4. Small Claims Lawsuits – Tenants can sue landlords to return security deposits up to $7,500. Landlords need to remember the Colorado deadline is one month for the return of the tenant’s deposit unless the lease specifies something different (it cannot be more than 60 days). 
  5. Rental Applications – Landlords can’t consider arrest or conviction records for more then 5 years before the application date, except for convictions and deferred judgments for drug (certain), sex, homicide, and stalking offenses. (Rev. Stat. § 38-12-904(b) A landlord who violates this statute is liable to a person who is charged a rental application fee for tremble the amount of the fee, plus court costs and reasonable attorney fees, unless the violation is corrected within seven days of receiving notice.)

Colorado Landlords' Rights and Tenant Responsibilities

  • Tenants must pay rent within three days after receiving notice
  • Landlords can issue an unconditional quit notice
  • Tenants must claim any abandoned property within 30 days
  • You cannot discriminate and refuse to rent to victims of domestic violence
  1. Evictions – If a tenant has failed to pay rent or has otherwise violated the lease, the landlord must give the tenant a ten-day notice. Tenants must pay rent within three days after receiving notice, or landlords may terminate the lease and begin filing for eviction.
  2. Unconditional Quit – Tenants must abide by all terms of the lease, or landlords may issue an unconditional quit notice to move out immediately, which means the landlord doesn’t have to allow the tenant to fix the violation. If tenants don’t move out after three days, then landlords can file an eviction lawsuit.
  3. Abandoned Property – Tenants must claim any abandoned property within 30 days of the last contact, or landlords may dispose of the property as they see fit. Landlords are also legally able to sell a tenant’s abandoned property to cover what the tenant might owe them as well.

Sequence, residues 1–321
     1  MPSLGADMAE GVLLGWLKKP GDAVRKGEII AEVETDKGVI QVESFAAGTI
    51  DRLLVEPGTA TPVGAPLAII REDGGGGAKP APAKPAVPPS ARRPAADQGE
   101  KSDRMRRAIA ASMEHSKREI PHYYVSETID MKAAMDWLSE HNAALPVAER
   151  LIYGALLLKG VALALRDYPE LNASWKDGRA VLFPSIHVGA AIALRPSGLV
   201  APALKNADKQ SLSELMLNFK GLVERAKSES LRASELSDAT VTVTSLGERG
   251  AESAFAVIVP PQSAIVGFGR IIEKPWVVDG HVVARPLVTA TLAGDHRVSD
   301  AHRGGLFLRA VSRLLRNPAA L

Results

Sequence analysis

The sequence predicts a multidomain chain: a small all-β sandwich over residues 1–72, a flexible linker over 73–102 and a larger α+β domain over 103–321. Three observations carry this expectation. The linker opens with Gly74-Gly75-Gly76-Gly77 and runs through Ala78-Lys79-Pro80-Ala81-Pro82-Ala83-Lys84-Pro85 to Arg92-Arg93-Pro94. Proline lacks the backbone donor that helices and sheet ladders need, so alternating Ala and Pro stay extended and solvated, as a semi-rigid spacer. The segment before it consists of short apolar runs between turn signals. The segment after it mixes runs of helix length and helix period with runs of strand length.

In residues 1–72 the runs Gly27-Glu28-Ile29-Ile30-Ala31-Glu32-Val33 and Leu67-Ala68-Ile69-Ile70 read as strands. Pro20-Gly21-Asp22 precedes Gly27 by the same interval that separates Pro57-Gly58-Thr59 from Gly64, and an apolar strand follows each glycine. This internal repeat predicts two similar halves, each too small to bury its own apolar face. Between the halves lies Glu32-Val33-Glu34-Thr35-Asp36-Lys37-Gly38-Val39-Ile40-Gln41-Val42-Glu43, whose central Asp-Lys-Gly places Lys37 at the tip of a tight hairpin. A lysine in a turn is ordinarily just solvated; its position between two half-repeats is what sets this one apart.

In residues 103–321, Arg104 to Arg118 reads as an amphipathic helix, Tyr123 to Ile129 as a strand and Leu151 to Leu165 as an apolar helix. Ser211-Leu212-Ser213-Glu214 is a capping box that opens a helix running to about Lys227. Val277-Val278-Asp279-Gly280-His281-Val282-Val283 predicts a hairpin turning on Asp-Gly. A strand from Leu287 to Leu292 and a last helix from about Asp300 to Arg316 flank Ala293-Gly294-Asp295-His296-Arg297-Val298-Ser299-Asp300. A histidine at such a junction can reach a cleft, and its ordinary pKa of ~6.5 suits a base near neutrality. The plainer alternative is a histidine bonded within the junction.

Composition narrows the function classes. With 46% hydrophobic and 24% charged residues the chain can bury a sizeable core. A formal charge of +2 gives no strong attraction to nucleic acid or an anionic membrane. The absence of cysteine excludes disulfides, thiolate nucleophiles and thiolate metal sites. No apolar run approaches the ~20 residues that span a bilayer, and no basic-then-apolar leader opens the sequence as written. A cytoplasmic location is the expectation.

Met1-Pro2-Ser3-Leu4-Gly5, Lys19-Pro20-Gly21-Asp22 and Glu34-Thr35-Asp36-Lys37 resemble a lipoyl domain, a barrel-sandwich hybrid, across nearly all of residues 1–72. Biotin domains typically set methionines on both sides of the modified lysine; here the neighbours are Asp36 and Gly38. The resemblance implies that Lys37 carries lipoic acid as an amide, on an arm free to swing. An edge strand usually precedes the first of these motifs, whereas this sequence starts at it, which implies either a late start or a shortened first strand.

4. Property Maintenance – Tenants must keep the property clean and undamaged and immediately alert the landlord to any serious maintenance issues. If landlords don’t take care of important repairs – tenants have the right to withhold rent. 
  5. Special Protections – It’s illegal to discriminate against someone and not rent to them if they are victims of domestic violence. Make sure you notify law enforcement of potentially dangerous tenants or situations.

Colorado Landlord-Tenant Law FAQs

Below are answers to some of the most commonly-asked questions when it comes to landlord-tenant laws in Colorado:

Can a Tenant Withhold Rent in Colorado?

Yes, tenants can withhold rent in Colorado if the landlord has failed to fix something vital such as a water heater. Tenants have to give written notice to their landlords ten-days in advance with their intent to hold rent.

How Long Does it Take to Evict a Tenant in Colorado?

Generally, it will take about 25 days. Please visit the state’s website to get full details for specific scenarios.

Is Colorado a Landlord-Friendly State?

Colorado is generally a landlord-friendly state where landlords can charge rental application fees and collect security deposits. Make sure to always check local area laws along with state laws to ensure you’re fully educated.

What is the Eviction Process in Colorado?

When there is a lease violation, such as failure to pay rent, landlords must give the tenant a ten-day notice. Tenants have the option to pay rent within three days, or the landlord will file for eviction. Here is a full guide on how to evict a tenant, but make sure to check our resources below for Colorado-specific laws.

How Much Notice Does a Landlord Have to Give a Tenant to Move Out in Colorado?

A landlord needs to give a written notice to the tenant to move-out allowing 21 days for the tenant to vacate – specifying the exact date on when the tenancy will end.

Due Diligence and Landlord-Tenant Laws in Colorado

TurboTenant has utilized many municipal sources along with official state statutes in order to compile this information to the best of our ability. However, local laws are always in flux and landlords and tenants alike should be sure to do their due diligence and consult legal help when it’s needed. We hope the following list can serve as a valuable resource and allow you to succeed as a landlord or tenant in Colorado. Be sure to take proper precautions when it comes to finding the top candidates for your unit by utilizing our online rental application and tenant screening services.

Disclaimer: TurboTenant, Inc does not provide legal advice. This material has been prepared for informational purposes only. All users are advised to check all applicable local, state, and federal laws and consult legal counsel should questions arise.

General Colorado Landlord-Tenant Law Resources

Colorado Fair Housing Resources

Other Colorado State Resources

Federal Fair Housing Resources

City-Specific Housing Resources


Colorado Springs